Gnarly Innards: How to live debug PowerShell DSC configurations without using Enable-DSCDebug


17_ctraltdelThe Problem

Have you ever needed to debug a PowerShell Desired State Configuration that appeared to be hanging when it was applying? At that point it’s a little too late to run Enable-DscDebug. Here’s how to debug it anyway…

The Solution

On the box applying the active configuration you can see the LCM is busy. Notice the LCMState and LCMStateDetail properties.

PS C:\> Get-DscLocalConfigurationManager

ActionAfterReboot              : ContinueConfiguration
AgentId                        : 7DF72A3A-9AEF-11E6-80BB-00155D67460E
AllowModuleOverWrite           : False
CertificateID                  :
ConfigurationDownloadManagers  : {}
ConfigurationID                :
ConfigurationMode              : ApplyOnly
ConfigurationModeFrequencyMins : 15
Credential                     :
DebugMode                      : {NONE}
DownloadManagerCustomData      :
DownloadManagerName            :
LCMCompatibleVersions          : {1.0, 2.0}
LCMState                       : Busy
LCMStateDetail                 : LCM is a applying an existing configuration.
LCMVersion                     : 2.0
StatusRetentionTimeInDays      : 10
PartialConfigurations          :
RebootNodeIfNeeded             : True
RefreshFrequencyMins           : 30
RefreshMode                    : PUSH
ReportManagers                 : {}
ResourceModuleManagers         : {}
PSComputerName                 :

To debug it we need to find out which process is applying the configuration. DSC configurations run in the WmiPrvSE process, but there are usually multiple instances of this process at any given time. We want the one with the DSC AppDomainName.

PS C:\> (Get-Process WmiPrvSE).Id | ForEach-Object {Get-PSHostProcessInfo -Id $_ | Where-Object AppDomainName -eq 'DscPsPluginWkr_AppDomain'}

ProcessName ProcessId AppDomainName
----------- --------- -------------
WmiPrvSE         3536 DscPsPluginWkr_AppDomain

Then we enter that process for debugging. After listing the runspaces you will usually debug #1.

PS C:\> Enter-PSHostProcess -Id 3536 -AppDomainName DscPsPluginWkr_AppDomain
[Process:3536]: PS C:\Windows\system32> Get-Runspace

 Id Name            ComputerName    Type          State         Availability
 -- ----            ------------    ----          -----         ------------
  1 Runspace1       localhost       Local         Opened        Busy
  2 Runspace2       localhost       Local         Opened        Available
 89 RemoteHost      localhost       Local         Opened        Busy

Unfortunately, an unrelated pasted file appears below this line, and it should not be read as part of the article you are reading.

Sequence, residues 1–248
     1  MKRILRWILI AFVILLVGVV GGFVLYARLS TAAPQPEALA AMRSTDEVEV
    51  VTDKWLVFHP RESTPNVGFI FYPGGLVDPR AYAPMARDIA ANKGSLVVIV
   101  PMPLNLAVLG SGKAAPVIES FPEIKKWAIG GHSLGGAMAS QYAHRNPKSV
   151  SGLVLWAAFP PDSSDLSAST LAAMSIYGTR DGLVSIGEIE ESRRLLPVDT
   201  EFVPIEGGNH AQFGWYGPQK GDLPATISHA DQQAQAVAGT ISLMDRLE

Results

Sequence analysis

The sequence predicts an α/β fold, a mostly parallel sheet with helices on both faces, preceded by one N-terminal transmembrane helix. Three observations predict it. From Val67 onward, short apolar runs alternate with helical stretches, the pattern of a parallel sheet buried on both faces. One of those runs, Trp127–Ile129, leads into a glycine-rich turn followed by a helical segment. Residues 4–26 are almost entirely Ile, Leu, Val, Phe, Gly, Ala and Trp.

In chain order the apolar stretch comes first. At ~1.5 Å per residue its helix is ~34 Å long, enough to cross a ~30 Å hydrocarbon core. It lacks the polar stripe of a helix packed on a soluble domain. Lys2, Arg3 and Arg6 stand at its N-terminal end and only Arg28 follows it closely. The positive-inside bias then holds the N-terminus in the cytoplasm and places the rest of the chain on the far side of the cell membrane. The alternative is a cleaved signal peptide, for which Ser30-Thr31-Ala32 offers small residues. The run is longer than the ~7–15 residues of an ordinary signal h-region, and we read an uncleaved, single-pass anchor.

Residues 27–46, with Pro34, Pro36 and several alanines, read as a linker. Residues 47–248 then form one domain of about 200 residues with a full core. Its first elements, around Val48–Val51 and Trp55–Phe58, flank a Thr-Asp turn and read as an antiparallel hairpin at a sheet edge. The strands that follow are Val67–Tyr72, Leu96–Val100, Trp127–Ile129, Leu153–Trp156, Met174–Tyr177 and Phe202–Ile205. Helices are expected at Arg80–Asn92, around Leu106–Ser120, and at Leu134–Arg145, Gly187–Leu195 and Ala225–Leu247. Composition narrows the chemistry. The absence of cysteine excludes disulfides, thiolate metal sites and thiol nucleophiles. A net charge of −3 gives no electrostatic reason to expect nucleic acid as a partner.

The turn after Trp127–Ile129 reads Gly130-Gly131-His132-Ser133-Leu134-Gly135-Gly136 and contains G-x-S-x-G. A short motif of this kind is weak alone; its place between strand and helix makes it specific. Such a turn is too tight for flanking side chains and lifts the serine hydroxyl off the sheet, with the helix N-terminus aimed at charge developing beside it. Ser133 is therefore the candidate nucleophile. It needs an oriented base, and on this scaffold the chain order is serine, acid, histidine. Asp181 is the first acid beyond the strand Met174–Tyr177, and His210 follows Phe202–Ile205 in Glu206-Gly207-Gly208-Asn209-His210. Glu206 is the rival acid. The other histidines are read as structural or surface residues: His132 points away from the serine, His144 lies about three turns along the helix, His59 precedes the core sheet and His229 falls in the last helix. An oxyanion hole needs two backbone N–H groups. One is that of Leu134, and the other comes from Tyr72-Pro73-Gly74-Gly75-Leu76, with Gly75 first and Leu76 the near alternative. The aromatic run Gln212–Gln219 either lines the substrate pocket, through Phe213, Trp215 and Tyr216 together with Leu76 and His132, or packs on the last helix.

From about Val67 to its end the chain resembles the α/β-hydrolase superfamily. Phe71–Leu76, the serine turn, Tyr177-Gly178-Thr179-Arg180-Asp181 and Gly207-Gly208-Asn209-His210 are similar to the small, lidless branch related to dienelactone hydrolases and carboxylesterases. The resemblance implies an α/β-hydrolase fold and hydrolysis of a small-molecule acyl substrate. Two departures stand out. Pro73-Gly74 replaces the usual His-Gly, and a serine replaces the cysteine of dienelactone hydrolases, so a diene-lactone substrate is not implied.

[Process:3536]: PS C:\Windows\system32> Debug-Runspace -Id 1

Now use the traditional PowerShell command line debugging techniques (? for menu). In my case I was debugging the xWaitForADDomain resource which has a sleep timer in it. At this point I had to wait for the timer to expire on the current iteration before the debug prompt would appear. As the hackers say in the movies: “I’m in!”

[DBG]: [Process:3536]: [Runspace1]: PS C:\Windows\system32>> ?

 s, stepInto         Single step (step into functions, scripts, etc.)
 v, stepOver         Step to next statement (step over functions, scripts, etc.)
 o, stepOut          Step out of the current function, script, etc.

 c, continue         Continue operation
 q, quit             Stop operation and exit the debugger
 d, detach           Continue operation and detach the debugger.

 k, Get-PSCallStack  Display call stack

 l, list             List source code for the current script.
                     Use "list" to start from the current line, "list "
                     to start from line , and "list  " to list 
                     lines starting from line 

              Repeat last command if it was stepInto, stepOver or list

 ?, h                displays this help message.


For instructions about how to customize your debugger prompt, type "help about_prompt".

You can use Get-Variable to see a list of all the variable in scope as the code is executing. Use ‘l’ to list the code and see where you are in the current execution. Use ‘s’, ‘v’, ‘o’ to step through and find your problem. Once you have analyzed your code, you can either use ‘d‘ to detach and let it keep running or ‘q‘ to stop the configuration completely and exit the debugger.

[DBG]: [Process:3536]: [Runspace1]: PS C:\Windows\system32>> d
[Process:3536]: PS C:\Windows\system32> Exit-PSHostProcess

There you go. You have now seen the gnarly innards of a live DSC configuration running on your box. I hope you do not need this trick very often, but now you know.

More Information

Read more about debugging PowerShell DSC configurations and resources:

Debugging PowerShell DSC Class Resources – Great article that teaches everything we did above.
https://blogs.msdn.microsoft.com/powershell/2016/03/14/debugging-powershell-dsc-class-resources/

PowerShell Runspace Debugging: Part 1 – More good background information.
https://blogs.msdn.microsoft.com/powershell/2015/09/08/powershell-runspace-debugging-part-1/

Get-Help about_Debuggers – Learn more about PowerShell command line debugging.
https://technet.microsoft.com/en-us/library/2b2ce8b3-f881-4528-bd30-f453dea06755

What’s New in PowerShell v5 – Watch the module 4 video of PowerShell MVP Kirk Munro explaining debugging
http://aka.ms/mvaps5

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